A briquette may therefore be defined as a solid figure bounded by a pair of parallel planes, another pair of parallel planes at right angles to these, a base at right angles to these four planes (and therefore rectangular), and a top which is a surface of any form, but such that every ordinate from the base cuts it in one point and one point only.
Corvaeus enumerates 70 varieties, Pamphilus cuts them down to 6, John de Indagine to 27, and Tricassus Mantuanus raises them to 80.
In the vicinity is the Karolinen canal, which cuts off a bend in the Danube between Lauingen and Dillingen.
PIATRA (PEATRA), the capital of the department of Neamtzu Rumania, situated on the left bank of the river Bistritza, where it cuts a way through the Carpathian foothills.
Long, which cuts a way through the Cordillera, and enters the Pacific at Istapa, after forming at San Pedro a fine waterfall more than 200 ft.
Archean rocks - gneiss, schist and granite - cover large areas through which the Nile cuts its way in alternate narrow gorges and open reaches.
It is to be noticed that each number is the sum of the numbers immediately 35 above and to the left of it; and 35 that the numbers along a line, termed a base, which cuts off an equal number of units along the top row and column are the co efficients in the binomial expansion of (I+x) r - 1, where r represents the number of units cut off.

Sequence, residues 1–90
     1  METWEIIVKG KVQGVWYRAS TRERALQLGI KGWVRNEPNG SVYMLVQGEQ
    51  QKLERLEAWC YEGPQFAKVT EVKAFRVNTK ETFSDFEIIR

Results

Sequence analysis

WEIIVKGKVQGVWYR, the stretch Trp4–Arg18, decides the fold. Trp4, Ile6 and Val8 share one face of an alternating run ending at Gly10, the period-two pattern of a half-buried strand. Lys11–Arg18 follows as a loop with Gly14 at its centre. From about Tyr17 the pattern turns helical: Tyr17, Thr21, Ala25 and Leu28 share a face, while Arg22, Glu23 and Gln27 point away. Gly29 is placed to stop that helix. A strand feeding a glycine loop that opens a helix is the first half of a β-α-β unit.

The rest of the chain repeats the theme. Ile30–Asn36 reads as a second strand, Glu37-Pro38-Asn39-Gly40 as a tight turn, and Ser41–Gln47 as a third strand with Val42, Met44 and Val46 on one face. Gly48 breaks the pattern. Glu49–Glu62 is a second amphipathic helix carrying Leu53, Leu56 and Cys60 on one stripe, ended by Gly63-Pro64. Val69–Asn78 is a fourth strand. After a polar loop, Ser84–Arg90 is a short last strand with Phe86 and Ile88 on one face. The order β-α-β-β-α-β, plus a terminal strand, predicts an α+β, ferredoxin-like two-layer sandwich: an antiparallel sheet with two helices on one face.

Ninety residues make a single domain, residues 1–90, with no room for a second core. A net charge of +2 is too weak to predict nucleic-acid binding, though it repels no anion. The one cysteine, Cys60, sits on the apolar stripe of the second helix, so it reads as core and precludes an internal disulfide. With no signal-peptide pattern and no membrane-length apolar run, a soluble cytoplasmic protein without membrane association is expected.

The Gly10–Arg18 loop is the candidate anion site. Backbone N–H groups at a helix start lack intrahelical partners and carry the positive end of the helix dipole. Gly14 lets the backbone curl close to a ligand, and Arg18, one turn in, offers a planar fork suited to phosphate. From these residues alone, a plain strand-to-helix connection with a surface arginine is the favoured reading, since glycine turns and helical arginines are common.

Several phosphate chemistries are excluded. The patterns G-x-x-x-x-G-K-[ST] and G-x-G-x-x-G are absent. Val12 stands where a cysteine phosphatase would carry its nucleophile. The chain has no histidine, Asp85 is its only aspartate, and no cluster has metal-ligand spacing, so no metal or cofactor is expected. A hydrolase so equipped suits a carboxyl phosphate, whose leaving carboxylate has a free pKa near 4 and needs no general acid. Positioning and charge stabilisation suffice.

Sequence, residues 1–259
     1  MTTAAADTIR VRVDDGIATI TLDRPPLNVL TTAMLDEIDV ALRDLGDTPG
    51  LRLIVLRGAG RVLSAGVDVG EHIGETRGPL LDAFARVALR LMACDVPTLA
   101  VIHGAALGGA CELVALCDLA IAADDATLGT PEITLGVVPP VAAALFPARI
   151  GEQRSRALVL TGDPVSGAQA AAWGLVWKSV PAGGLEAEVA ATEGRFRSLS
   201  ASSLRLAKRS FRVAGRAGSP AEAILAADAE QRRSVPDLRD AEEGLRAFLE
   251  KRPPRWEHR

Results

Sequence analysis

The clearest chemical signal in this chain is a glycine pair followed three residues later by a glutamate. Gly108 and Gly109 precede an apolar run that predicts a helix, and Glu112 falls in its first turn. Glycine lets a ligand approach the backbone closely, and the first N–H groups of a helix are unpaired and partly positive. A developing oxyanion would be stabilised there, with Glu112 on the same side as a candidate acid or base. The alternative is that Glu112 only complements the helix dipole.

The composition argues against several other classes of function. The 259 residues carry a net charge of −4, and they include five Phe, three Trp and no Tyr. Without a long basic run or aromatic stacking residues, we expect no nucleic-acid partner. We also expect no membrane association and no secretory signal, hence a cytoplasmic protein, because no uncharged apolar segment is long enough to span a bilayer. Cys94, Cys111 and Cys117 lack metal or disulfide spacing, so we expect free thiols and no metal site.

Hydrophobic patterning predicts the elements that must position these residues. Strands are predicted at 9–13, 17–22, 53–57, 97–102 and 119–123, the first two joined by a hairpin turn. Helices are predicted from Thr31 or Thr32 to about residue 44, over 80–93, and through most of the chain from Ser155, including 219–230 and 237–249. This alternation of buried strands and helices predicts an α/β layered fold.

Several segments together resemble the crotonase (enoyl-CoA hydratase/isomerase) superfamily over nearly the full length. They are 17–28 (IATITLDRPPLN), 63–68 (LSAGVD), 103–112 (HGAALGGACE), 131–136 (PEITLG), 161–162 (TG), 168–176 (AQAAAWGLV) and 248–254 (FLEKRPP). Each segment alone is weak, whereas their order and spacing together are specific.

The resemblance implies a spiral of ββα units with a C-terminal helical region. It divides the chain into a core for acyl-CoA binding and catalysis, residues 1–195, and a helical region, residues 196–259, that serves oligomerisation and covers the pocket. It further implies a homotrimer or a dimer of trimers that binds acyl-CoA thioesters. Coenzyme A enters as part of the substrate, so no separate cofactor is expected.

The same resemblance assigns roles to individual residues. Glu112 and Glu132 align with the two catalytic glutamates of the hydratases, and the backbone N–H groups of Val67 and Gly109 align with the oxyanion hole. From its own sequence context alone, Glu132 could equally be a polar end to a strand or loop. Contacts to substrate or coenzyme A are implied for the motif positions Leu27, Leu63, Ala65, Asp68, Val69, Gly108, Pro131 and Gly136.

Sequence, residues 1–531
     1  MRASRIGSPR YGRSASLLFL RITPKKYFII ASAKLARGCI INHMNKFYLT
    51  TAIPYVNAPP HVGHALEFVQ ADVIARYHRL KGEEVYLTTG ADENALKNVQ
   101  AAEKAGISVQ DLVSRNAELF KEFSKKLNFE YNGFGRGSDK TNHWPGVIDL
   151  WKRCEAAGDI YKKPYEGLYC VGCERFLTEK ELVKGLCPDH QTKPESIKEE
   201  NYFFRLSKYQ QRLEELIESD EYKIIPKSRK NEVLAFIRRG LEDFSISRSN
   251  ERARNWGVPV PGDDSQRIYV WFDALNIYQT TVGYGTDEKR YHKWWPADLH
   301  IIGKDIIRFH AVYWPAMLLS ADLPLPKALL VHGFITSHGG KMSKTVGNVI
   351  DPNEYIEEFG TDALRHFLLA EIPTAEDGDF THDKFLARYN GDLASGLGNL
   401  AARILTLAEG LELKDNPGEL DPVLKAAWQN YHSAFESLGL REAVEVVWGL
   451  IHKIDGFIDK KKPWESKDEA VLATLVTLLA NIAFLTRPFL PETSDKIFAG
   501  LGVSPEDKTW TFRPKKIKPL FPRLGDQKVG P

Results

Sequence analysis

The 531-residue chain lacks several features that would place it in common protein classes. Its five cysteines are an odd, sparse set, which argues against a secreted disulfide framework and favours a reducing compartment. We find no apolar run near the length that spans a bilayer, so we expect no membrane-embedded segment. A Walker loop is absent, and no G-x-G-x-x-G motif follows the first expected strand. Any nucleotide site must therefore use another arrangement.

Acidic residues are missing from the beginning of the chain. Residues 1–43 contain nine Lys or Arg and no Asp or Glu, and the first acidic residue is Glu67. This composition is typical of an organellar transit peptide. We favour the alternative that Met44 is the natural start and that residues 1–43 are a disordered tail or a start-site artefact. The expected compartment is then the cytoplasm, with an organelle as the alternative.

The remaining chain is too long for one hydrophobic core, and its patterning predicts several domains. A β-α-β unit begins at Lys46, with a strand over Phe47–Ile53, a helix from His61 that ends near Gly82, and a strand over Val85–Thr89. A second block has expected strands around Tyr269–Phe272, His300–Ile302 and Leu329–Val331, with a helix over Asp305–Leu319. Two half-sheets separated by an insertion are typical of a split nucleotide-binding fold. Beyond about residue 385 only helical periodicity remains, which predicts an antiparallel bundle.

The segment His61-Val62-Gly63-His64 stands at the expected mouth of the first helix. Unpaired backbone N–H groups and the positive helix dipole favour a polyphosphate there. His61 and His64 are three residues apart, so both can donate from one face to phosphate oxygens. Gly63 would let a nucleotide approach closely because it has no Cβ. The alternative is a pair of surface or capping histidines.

To guard against this it is now customary to use some speed-checking appliance, independent of the engine-man, which reduces or entirely cuts off the steam supply when the cage arrives at a particular point near the surface, and applies the brake if the load is travelling too quickly.
For this purpose a horizontal bar Shaft armed with vertical cutting chisels is used, which cuts boring.
The large trepan or cutter weighs about 16 tons, and cuts a hole of from 9 to 15 ft.
A level is driven in a sandstone forming the floor, along the course of the coal, into which communications are made by cross cuts at intervals of 16 yds., which are driven across to the roof, dividing up the area to be worked into panels.